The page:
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In Asia, Rice Says North Korea More Isolated From Neighbors

By Glenn Kessler
Washington Post Staff Writer
Wednesday, March 16, 2005; Page A17

NEW DELHI, March 16 -- Secretary of State Condoleezza Rice asserted Tuesday that North Korea's "isolation from its neighbors has deepened" as it has bolstered its nuclear stockpile in the past year, even as South Korea and China continue to maintain close economic links to the North.

Speaking to reporters as she traveled to India for the first leg of a week-long Asian tour, Rice also brushed aside North Korea's pronouncement Tuesday that it might increase its nuclear arsenal to maintain a balance of power in East Asia and help prevent a U.S. attack. Rice reiterated the administration's position that it had "no intention" of attacking or invading North Korea.

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She said the Bush administration understood that South Korea needed to seek good relations with its neighbor, but she said "the relationship is not moving as rapidly as it once was" because the North continues to develop weapons.

Rice, who praised nuclear rivals India and Pakistan for reducing tensions in recent years, met with senior Indian leaders Wednesday and was to fly to Islamabad, the Pakistani capital, later in the day for talks there. She will also make her first visit to Afghanistan before flying to East Asia on Friday for discussions about the crisis over North Korea's nuclear ambitions.

Rice said she had explored the possible sale of F-16 fighter jets to India during talks there; Pakistani media have said she would do the same in Islamabad. The sales would represent a shift in policy to a more pragmatic approach to security relations with India and Pakistan. But officials traveling with Rice said she did not plan to announce any agreement.

The United States has close economic and political ties with both nations, but it reacted with alarm in 1998 when India tested nuclear weapons and Pakistan immediately followed. The Clinton administration responded by imposing economic sanctions on both countries.

Rice, who frequently cites President Bush's campaign for greater democracy abroad, declined to criticize Gen. Pervez Musharraf, Pakistan's president, for backing out of a promise to give up his post as army chief of staff. Musharraf, who seized power in a bloodless coup in 1999, has allowed a limited return to democratic institutions but retains ultimate power.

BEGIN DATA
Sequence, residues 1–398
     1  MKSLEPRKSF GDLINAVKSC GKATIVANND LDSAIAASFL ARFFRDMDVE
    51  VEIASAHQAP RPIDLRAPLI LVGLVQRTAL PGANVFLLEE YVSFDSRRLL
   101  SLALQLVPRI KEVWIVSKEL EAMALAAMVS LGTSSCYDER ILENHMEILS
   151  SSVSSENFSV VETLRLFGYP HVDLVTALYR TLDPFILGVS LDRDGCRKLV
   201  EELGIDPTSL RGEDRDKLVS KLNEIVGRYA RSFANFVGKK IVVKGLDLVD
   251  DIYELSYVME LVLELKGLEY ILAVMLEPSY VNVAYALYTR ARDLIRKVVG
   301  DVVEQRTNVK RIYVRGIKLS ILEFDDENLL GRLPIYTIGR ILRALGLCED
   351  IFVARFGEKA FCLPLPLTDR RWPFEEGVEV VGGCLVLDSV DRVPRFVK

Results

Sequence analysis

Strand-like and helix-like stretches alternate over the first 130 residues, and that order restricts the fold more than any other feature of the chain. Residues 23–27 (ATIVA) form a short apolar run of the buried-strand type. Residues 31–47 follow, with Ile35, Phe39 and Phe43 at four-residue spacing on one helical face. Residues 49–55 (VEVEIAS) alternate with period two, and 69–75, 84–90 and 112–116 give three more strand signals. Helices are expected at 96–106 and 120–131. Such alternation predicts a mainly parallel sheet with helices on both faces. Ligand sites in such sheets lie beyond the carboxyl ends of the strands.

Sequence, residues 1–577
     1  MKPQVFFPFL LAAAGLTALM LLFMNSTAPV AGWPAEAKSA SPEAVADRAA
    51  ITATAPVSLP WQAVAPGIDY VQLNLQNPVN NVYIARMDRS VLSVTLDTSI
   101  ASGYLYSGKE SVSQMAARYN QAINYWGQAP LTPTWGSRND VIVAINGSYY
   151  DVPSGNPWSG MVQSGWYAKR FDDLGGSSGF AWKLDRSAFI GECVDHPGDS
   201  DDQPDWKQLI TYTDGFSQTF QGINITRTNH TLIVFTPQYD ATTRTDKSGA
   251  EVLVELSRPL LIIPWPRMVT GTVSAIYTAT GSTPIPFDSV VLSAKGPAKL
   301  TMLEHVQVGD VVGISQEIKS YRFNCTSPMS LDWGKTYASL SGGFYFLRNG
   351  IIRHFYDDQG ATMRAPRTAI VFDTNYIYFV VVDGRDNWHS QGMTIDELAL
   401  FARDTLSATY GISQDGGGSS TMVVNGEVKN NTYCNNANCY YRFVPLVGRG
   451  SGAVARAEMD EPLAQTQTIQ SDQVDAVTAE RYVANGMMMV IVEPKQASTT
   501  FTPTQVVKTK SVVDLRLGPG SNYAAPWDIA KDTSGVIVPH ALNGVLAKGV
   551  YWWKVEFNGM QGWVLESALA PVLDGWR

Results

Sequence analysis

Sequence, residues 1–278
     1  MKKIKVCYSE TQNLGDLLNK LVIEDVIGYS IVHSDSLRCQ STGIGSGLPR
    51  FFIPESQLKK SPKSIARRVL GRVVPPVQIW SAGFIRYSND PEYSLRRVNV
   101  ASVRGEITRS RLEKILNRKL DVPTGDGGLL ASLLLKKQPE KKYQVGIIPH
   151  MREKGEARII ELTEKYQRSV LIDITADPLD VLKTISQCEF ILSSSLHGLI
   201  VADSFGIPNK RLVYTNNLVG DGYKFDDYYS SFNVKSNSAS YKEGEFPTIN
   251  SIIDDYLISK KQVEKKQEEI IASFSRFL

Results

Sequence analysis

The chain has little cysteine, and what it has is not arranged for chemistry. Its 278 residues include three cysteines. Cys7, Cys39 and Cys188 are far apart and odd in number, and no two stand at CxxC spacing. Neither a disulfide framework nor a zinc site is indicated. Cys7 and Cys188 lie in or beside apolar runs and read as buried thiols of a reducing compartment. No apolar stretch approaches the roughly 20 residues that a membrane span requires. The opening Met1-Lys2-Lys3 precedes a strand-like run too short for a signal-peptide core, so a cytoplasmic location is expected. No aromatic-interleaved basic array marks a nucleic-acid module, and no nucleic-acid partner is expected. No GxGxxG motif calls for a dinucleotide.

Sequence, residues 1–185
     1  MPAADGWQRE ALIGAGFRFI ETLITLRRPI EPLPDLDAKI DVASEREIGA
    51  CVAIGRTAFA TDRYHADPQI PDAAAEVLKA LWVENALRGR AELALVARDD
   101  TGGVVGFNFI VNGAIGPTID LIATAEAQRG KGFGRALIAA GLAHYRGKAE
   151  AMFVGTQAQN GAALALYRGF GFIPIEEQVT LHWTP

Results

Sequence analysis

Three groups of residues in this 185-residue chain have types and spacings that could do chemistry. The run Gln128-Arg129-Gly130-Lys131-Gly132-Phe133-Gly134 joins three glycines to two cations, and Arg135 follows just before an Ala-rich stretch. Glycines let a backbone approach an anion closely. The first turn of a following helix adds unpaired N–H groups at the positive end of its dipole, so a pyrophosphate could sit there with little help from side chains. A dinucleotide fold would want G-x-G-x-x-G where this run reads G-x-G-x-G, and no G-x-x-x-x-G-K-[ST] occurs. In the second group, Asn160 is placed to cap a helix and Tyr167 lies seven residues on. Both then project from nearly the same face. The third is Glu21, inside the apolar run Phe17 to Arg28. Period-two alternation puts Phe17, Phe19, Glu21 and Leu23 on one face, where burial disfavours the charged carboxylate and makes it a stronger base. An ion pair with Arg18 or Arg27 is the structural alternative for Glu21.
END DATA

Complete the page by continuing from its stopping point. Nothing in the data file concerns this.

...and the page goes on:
She said Musharraf had "tried very hard to rid Pakistan of the kind of extremism that frankly, three or four years ago threatened to make Pakistan a state that was a supporter of terrorism." Musharraf broke a longstanding policy backing the Afghan Taliban regime in late 2001 and has cooperated closely with U.S. anti-terrorist efforts since then.

Rice praised Musharraf for his efforts to promote economic reform but said: "We expect a commitment to a democratic path for Pakistan."

On East Asia, Rice said the "unity of message and purpose" of the five nations negotiating with North Korea "have been very clear, the Chinese most especially."

But U.S. officials say they are disappointed that China has not done more to prod North Korea to return to the talks. Chinese and South Korean officials, meanwhile, have publicly pressed the Bush administration to show more flexibility in its proposal to dismantle North Korea's weapons program.

In fact, North Korea's economic ties have flourished with China and South Korea since the Bush administration confronted the North over a clandestine nuclear program in 2002. In Pyongyang, the North Korean capital, the European Union also has opened an extension of its Seoul-based chamber of commerce.

Nearly a year ago, Vice President Cheney visited the region and told an audience in Shanghai that "time is not necessarily on our side." He said North Korea could peddle nuclear technology to terrorist groups and warned that as North Korea's neighbors faced the reality that it had nuclear weapons, "we may have a nuclear arms race unleashed in Asia."

Experts estimate that North Korea's nuclear reactor could have produced enough weapons-grade plutonium for another nuclear weapon since Cheney issued his warning.


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